By the way on the subject of streets of rage you might instead prefer to grab either beats of rage or probably better for your needs Streets of Rage Remake.

johnny

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Re: Could a multiplayer handheld game function as a multiplayer online game?
« Reply #4 on: December 03, 2012, 12:58:32 pm »
I missed the streets of rage handheld version?

Console games based on the same console and a splitscreen or similar affair are usually just that and if you can figure out how to pipe video one way* and button presses the other you are sorted. Handhelds work a bit differently as they are usually independent operators each console will have an independent program running upon them and the link protocol is just a bit of data that goes around; various versions of VBA-link and now VBA-m support link play and network options (or you use VNC or something to go from a remote machine if lag is too much for the protocol- latency is not such a problem but the internet or even a modestly trafficked network is somewhat outside the scope of the things handheld links are designed to handle.

*I suppose you could do memory state transfers and such like instead of video but that could be tricky (compositing video via the layers as they would be on a console is probably more viable).

Contrary to what some might think the latter is probably easier in some ways for the sort of netplay you describe- video and keypresses is trivial but being in different areas will require the console to render several things at once which is a hell of a hack to pull off given many multiplayer games already push systems to the limit; trying to extract such functionality and code in even a basic network handler would probably one of the most complex hacks ever done and frankly I would only consider it if a later/same engine game had it and could be ported to it or the game was to have some form of network play which got axed and either a beta or "commented out" code was left. Handhelds are usually limited by a combination of game design or straight restrictions to be in one area but I reckon it could happen somewhat more easily for some games.

Both types of hacks are tricky for different reasons and ultimately I probably would not bother trying anything beyond maybe removing a few restrictions in a dungeon crawler or something like that.

By the way on the subject of streets of rage you might instead prefer to grab either beats of rage or probably better for your needs Streets of Rage Remake.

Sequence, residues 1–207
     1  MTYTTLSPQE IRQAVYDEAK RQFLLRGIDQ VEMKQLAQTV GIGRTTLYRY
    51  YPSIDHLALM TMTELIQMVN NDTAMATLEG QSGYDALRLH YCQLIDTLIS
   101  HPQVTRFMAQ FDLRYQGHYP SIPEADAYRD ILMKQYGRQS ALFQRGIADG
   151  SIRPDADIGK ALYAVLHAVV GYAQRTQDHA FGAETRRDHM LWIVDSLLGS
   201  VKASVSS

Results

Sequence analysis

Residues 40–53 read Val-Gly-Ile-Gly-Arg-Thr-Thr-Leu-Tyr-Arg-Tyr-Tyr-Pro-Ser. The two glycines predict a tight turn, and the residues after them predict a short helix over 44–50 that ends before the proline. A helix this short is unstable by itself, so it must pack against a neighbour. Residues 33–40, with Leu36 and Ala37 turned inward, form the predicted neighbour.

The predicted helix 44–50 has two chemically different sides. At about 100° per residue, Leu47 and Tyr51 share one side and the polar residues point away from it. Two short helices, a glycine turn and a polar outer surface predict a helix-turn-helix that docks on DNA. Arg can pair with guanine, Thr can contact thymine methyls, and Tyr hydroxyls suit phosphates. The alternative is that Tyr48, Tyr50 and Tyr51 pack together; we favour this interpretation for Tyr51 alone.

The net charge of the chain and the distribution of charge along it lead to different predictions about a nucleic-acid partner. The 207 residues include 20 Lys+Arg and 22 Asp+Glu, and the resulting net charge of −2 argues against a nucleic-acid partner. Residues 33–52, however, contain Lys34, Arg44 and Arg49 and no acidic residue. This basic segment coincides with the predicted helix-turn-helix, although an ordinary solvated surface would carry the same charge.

Yeah there was Streets of Rage 1 and 2 both for Game Gear:

Streets of Rage 1: http://www.youtube.com/watch?v=KCWrmjTkci0

Streets of Rage 2: http://www.youtube.com/watch?v=0nGOvMn9TM0

Split Screen is a similar concept to what I'm talking about yes. But that same logic applied to each person using a PC without the split screen. Think Castlevania: Harmony of Despair's concept. Now apply that to an NES game like say Metroid. Could you imagine two different players exploring Zebes and even meeting up? You could beat the game in a really cool co op way.

Yeah this seems like its a long ways off unfortunately, but it is a cool concept as to how games are played. Though I don't think any handheld games function the way I'm describing. So it would be a ton of extra effort to pull something like this off. Its not like a PSP or DS to where it has the functionality. Game Boy Advance, Game Gear, and Game Boy/Game Boy Color never functioned in the way handhelds do now a days even with the link so it would be a matter of someone adding in that particular functioning in a one side fits all way. Maybe I'm asking too much for this ever to be possible.

BTW to my knowledge, I don't think the Streets of Rage Remake can do multi player in the way I'm talking about. You'd still be chained to the other player within a specific range. It wouldn't be like one player is on Stage 1 and one would be on Stage 4 and eventually they meet up.

Garoth Moulinoski

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Re: Could a multiplayer handheld game function as a multiplayer online game?
« Reply #5 on: December 03, 2012, 01:09:57 pm »
Oh. I had read STARWIN's post (and thread title), but I didn't the OP's post very well. The first half makes sense, but then they delve into splitscreen and "going ahead" in a game. I hadn't considered that in my post. I was just thinking in general terms (like Zelda: Four Swords or Pokemon) where each player has their own screen. I never considered a handheld game would keep you within sight of your partner/opponent, although I guess it'd make sense for a beat'em up or a fighting game.

Ah well.
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Disclaimer: If it sounds wrong, I may have been posting while asleep.